There are two temporary exhibition spaces. The third floor houses major exhibitions, with smaller exhibitions in the temporary exhibition space on the ground floor.

Previous exhibitions[edit]

  • Asterix in Britain: The Life and Work of René Goscinny
  • Elspeth Juda: Grit and Glamour
  • Designs on Britain
  • Scots Jews: Photographs by Judah Passow
  • Shaping Ceramics: From Lucie Rie to Edmund de Waal
  • Dorothy Bohm: Sixties London
  • Moses, Mods and Mr Fish: The Menswear Revolution
  • Through a Queer Lens: Portraits of LGBTQ Jews
  • Blood
  • Memory Quilts: Triumph Over Adversity
  • Tiger, Mog and Pink Rabbit: a Judith Kerr Retrospective
  • Your Jewish Museum: Love, Journeys and Sacrifice
  • Blackguards in Bonnets
  • For Richer, For Poorer: Weddings Unveiled
  • Designing the 20th Century: Life and Work of Abram Games
  • For King and Country? The Jewish Experience of the First World War
  • Four Four Jew: Football, Fans and Faith
  • Amy Winehouse: A Family Portrait
  • R.B. Kitaj: Obsessions – The Art of Identity
  • Morocco: Photographs by Elias Harrus and Pauline Prior
  • Entertaining the Nation: Stars of Music, Stage and Screen
  • No Place Like Home
  • World City: Refugee Stories
  • Ludwig Guttmann: Father of the Paralympic Games
  • Adi Nes: The Village
  • Roman Vishniac Rediscovered, presented simultaneously at The Photographers' Gallery.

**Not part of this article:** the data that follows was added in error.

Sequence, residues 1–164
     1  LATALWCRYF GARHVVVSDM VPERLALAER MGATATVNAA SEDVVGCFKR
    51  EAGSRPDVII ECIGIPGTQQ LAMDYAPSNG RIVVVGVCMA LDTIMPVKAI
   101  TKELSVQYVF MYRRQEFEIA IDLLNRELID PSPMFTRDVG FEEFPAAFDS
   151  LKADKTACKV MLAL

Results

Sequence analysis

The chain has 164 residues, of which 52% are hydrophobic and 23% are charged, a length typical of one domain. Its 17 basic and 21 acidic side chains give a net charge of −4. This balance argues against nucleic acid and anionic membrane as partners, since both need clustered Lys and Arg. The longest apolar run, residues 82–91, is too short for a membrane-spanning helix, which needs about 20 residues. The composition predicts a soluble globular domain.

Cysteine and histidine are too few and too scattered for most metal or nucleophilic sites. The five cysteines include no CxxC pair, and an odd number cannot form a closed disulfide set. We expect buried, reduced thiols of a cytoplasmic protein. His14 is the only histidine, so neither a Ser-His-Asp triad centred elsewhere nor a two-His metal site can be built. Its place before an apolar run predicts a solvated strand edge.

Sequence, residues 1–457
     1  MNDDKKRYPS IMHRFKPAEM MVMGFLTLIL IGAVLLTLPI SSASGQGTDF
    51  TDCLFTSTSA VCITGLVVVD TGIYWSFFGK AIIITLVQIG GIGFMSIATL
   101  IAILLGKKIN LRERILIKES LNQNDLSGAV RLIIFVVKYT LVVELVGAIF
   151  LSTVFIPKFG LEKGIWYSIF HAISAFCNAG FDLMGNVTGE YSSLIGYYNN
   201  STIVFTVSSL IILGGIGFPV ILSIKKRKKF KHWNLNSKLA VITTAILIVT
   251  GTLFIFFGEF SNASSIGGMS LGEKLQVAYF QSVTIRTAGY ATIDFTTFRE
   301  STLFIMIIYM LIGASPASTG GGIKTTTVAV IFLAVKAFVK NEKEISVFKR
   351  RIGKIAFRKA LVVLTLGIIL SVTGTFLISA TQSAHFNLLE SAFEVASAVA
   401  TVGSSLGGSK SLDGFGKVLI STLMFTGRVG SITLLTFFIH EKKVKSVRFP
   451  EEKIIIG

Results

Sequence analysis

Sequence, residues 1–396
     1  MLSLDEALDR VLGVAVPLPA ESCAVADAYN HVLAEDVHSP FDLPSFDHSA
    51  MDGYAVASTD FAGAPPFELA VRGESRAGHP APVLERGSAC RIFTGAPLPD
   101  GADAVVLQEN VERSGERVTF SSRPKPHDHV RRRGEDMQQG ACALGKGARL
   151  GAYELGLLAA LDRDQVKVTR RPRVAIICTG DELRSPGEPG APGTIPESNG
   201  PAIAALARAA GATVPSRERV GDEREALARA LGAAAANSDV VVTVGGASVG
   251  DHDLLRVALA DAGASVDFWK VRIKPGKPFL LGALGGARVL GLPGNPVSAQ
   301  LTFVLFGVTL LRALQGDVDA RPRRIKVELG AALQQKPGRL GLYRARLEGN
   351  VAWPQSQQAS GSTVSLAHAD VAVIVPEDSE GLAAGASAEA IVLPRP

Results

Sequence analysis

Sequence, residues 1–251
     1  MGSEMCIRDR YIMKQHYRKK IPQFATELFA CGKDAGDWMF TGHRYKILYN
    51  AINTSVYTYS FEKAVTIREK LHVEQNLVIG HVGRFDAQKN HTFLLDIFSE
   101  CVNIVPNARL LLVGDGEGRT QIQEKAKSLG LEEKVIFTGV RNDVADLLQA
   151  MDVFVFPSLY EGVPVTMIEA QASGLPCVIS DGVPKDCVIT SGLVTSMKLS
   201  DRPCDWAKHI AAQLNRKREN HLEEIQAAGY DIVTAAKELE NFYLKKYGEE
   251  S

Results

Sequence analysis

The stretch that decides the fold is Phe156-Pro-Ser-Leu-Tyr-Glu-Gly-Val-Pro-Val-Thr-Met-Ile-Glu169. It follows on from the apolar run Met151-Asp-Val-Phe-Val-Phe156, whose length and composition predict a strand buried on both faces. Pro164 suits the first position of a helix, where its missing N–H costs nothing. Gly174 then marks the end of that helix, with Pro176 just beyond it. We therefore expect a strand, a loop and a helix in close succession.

• Jews, Money, Myth, exploring antisemitic imagery linking Jews with money. Alongside manifestations of antisemitic imagery dating back to Judas and Thirty pieces of silver, the exhibit featured a display case of the popular Polish "Lucky Jew" figurines.[8][9]
  • Charlotte Salomon: Life? or Theatre?[10]

See also[edit]


  1. ^ "Jewish charities attend Prince Charles' 70th birthday party at Buckingham Palace". Jewish News. 23 May 2018. Retrieved 27 November 2018.
  2. ^ Charity Commission. The Jewish Museum London, registered charity no. 1009819. Retrieved 17 July 2020.
  3. ^ Lawless, Jill (17 March 2010). "London's Jewish Museum reopens after major facelift". USA Today. Retrieved 29 November 2018.
  4. ^ Historic England (14 May 1974). "Numbers 123–139 and Attached Railings (1378643)". National Heritage List for England. Retrieved 30 July 2017.
  5. ^ a b Sechan, Sarah (21 July 2009). "London's Jewish Museum preparing to buy 300-year-old hanukkia for new location". The Jerusalem Post. Retrieved 29 November 2018.
  6. ^ "The Holocaust Gallery". Jewish Museum London. Retrieved 29 November 2018.
  7. ^ Freedland, Michael (4 September 2010). "The call went out: 'Enlist at once in any regiment' – The Jewish Military Museum in London tells a story that needed to be told". The Times. Retrieved 16 July 2020.
  8. ^ Peled, Daniella (20 March 2019). "Jews Have Been Seen as 'All About the Benjamins' for 2,000 Years, New Exhibition Shows". Haaretz. Retrieved 18 July 2020.
  9. ^ Finkelstein, Daniel (20 March 2019). "Next time I'm asked how antisemitism started, I'll say 'go to this exhibition'". The Times. Retrieved 18 November 2019.
  10. ^ "Charlotte Salomon: Life? or Theatre?". Jewish Museum London. Retrieved 18 November 2019.

External links[edit]